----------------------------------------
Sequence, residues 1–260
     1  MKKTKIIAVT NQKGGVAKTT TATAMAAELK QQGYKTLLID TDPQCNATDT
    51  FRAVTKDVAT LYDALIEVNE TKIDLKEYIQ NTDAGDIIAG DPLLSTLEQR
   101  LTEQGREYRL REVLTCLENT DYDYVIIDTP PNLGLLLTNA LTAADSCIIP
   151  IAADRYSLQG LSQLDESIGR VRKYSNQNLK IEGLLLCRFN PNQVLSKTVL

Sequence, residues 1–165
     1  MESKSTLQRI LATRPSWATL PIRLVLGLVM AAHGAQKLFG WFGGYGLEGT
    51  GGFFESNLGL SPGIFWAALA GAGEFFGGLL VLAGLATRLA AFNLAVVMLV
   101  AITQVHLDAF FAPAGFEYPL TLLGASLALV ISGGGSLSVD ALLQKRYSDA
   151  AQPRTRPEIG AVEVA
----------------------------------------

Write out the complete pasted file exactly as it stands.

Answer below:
Sequence, residues 1–260
     1  MKKTKIIAVT NQKGGVAKTT TATAMAAELK QQGYKTLLID TDPQCNATDT
    51  FRAVTKDVAT LYDALIEVNE TKIDLKEYIQ NTDAGDIIAG DPLLSTLEQR
   101  LTEQGREYRL REVLTCLENT DYDYVIIDTP PNLGLLLTNA LTAADSCIIP
   151  IAADRYSLQG LSQLDESIGR VRKYSNQNLK IEGLLLCRFN PNQVLSKTVL

Sequence, residues 1–165
     1  MESKSTLQRI LATRPSWATL PIRLVLGLVM AAHGAQKLFG WFGGYGLEGT
    51  GGFFESNLGL SPGIFWAALA GAGEFFGGLL VLAGLATRLA AFNLAVVMLV
   101  AITQVHLDAF FAPAGFEYPL TLLGASLALV ISGGGSLSVD ALLQKRYSDA
   151  AQPRTRPEIG AVEVA